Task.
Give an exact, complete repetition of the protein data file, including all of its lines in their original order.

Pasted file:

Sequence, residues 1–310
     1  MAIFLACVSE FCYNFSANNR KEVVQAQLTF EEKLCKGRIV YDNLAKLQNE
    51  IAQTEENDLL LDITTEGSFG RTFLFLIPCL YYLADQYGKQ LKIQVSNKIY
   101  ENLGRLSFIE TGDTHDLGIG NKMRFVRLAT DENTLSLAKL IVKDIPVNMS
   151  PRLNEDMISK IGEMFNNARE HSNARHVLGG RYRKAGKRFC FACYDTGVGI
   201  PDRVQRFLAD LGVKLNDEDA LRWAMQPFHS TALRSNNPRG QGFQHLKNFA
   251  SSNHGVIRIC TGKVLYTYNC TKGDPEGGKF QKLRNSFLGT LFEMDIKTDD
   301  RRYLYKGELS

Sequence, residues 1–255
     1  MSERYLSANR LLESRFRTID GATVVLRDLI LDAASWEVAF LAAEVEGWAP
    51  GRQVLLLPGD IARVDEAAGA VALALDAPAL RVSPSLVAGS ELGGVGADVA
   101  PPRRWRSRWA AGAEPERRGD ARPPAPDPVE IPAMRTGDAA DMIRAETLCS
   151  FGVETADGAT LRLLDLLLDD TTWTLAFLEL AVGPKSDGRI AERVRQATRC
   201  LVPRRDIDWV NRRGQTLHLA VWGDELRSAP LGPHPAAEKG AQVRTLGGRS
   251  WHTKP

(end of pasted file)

Sequence, residues 1–310
     1  MAIFLACVSE FCYNFSANNR KEVVQAQLTF EEKLCKGRIV YDNLAKLQNE
    51  IAQTEENDLL LDITTEGSFG RTFLFLIPCL YYLADQYGKQ LKIQVSNKIY
   101  ENLGRLSFIE TGDTHDLGIG NKMRFVRLAT DENTLSLAKL IVKDIPVNMS
   151  PRLNEDMISK IGEMFNNARE HSNARHVLGG RYRKAGKRFC FACYDTGVGI
   201  PDRVQRFLAD LGVKLNDEDA LRWAMQPFHS TALRSNNPRG QGFQHLKNFA
   251  SSNHGVIRIC TGKVLYTYNC TKGDPEGGKF QKLRNSFLGT LFEMDIKTDD
   301  RRYLYKGELS

Sequence, residues 1–255
     1  MSERYLSANR LLESRFRTID GATVVLRDLI LDAASWEVAF LAAEVEGWAP
    51  GRQVLLLPGD IARVDEAAGA VALALDAPAL RVSPSLVAGS ELGGVGADVA
   101  PPRRWRSRWA AGAEPERRGD ARPPAPDPVE IPAMRTGDAA DMIRAETLCS
   151  FGVETADGAT LRLLDLLLDD TTWTLAFLEL AVGPKSDGRI AERVRQATRC
   201  LVPRRDIDWV NRRGQTLHLA VWGDELRSAP LGPHPAAEKG AQVRTLGGRS
   251  WHTKP